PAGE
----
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    HomeEuropeUKOmicron variant causes passengers to scramble for flights

    Omicron variant causes passengers to scramble for flights

    Travellers and airlines are scrambling to rearrange plans as the latest Covid restrictions cause travel turmoil for people trying to return to the UK.

    Passengers criticised airlines and the government for a lack of information on returning from “red list” countries.

    One said he had found a return flight from South Africa but now cannot get a quarantine hotel in the UK.

    Omicron variant causes passengers to scramble for flights 1

    Alex Clarke, from near Reading, said a lack of hotel space meant he might have to re-arrange his return again.

    “I should have landed back in the UK this morning,” he told the BBC. “My flight was cancelled but I managed to book another for Friday. Now that’s been cancelled.

    “I found return flights via Dubai and Amsterdam, but they have now been closed off. I now have a return booked for Thursday, but the website that books quarantine hotels says everything is booked.”

    Cases of the new Covid variant – Omicron – were first recorded in South Africa last week. There are concerns it could be more infectious and less responsive to vaccines. As a result, Covid rules are being strengthened once more.

    The government has added 10 southern African countries – including South Africa where Mr Clarke is stuck – to the UK’s travel red list. The only people allowed to enter the UK from these countries are UK or Irish nations, or UK residents.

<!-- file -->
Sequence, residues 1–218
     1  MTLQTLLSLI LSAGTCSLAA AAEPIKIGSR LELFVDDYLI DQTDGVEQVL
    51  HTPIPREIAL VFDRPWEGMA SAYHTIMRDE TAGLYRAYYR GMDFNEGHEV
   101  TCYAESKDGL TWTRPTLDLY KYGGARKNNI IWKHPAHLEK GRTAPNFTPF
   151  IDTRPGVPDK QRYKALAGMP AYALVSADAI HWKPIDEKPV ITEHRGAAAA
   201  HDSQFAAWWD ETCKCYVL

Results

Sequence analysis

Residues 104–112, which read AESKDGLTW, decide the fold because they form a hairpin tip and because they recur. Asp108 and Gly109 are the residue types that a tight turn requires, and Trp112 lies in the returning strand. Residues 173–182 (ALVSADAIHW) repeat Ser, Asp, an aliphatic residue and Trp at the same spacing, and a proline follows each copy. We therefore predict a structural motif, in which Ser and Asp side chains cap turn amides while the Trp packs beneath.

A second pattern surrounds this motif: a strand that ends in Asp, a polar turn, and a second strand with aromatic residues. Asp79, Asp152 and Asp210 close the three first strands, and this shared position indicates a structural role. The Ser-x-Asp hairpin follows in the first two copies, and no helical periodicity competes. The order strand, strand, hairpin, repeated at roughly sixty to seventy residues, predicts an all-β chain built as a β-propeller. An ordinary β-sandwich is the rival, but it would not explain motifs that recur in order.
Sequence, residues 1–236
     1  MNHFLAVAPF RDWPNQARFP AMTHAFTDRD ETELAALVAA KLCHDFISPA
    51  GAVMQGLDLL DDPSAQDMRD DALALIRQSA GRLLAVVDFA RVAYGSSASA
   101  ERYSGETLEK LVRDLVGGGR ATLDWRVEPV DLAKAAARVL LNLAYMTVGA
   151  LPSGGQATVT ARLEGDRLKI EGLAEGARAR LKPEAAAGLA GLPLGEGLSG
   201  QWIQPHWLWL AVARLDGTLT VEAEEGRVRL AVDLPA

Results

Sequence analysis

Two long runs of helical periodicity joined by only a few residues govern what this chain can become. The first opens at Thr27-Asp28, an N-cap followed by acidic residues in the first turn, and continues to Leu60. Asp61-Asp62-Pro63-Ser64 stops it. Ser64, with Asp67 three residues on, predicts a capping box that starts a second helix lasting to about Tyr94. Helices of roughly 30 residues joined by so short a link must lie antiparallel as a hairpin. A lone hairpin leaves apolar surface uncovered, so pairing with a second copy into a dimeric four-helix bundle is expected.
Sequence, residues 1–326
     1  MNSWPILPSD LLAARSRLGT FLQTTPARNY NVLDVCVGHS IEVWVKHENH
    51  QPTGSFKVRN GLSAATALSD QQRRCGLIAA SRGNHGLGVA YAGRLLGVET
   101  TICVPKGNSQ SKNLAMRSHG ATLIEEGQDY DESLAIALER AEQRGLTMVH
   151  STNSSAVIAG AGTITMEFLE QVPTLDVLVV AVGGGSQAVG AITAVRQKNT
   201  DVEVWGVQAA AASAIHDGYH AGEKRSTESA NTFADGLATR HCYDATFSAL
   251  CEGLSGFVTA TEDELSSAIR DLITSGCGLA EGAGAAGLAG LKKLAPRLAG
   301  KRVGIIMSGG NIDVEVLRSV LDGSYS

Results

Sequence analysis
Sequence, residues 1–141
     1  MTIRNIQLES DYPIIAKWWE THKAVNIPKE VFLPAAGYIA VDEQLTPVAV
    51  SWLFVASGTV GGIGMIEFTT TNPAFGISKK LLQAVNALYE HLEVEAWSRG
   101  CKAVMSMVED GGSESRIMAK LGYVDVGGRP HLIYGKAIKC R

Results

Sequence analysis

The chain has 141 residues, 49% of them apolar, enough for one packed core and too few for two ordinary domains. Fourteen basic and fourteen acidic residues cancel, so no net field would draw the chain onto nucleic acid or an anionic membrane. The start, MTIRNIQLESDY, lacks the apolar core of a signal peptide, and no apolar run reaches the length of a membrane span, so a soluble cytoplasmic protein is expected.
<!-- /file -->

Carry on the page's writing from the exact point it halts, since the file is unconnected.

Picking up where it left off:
They will have to pay for and self-isolate in a pre-booked government-approved hotel for 10 days.

    Mr Clarke, who has been staying with friends while his wife and two young children remained at home in the UK, had travelled from Cape Town to Johannesburg when he thought he had secured an alternative flight. He estimates the extra airline, hotel and UK quarantine costs will be about £4,000.

    He said: “There has been absolutely no communication from British Airways or the UK government on getting back to the UK.

    “In the one email received from BA, the helpline that BA set up went to a call centre and the person in the phone had no idea that flights to the UK had been suspended or cancelled.”

    When he telephoned again later, he was directed to BA’s website.

    Meanwhile, another traveller, Mike Haswell, from Cardiff, told the BBC on Sunday how he had been struggling to return from Malawi, where he was working.

    He reached Ethiopia, where ground staff at Addis Ababa airport refused to let UK nationals onto the flight to the UK.

    Mr Haswell said he and about 30 other UK passengers have been stuck at the airport for 18 hours and still did not know when a flight would be available.

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    What are my refund rights?

    Woman on beach wearing mask

    If your flight is cancelled, you are entitled to a full refund and you can choose to receive that refund in cash rather than as a voucher.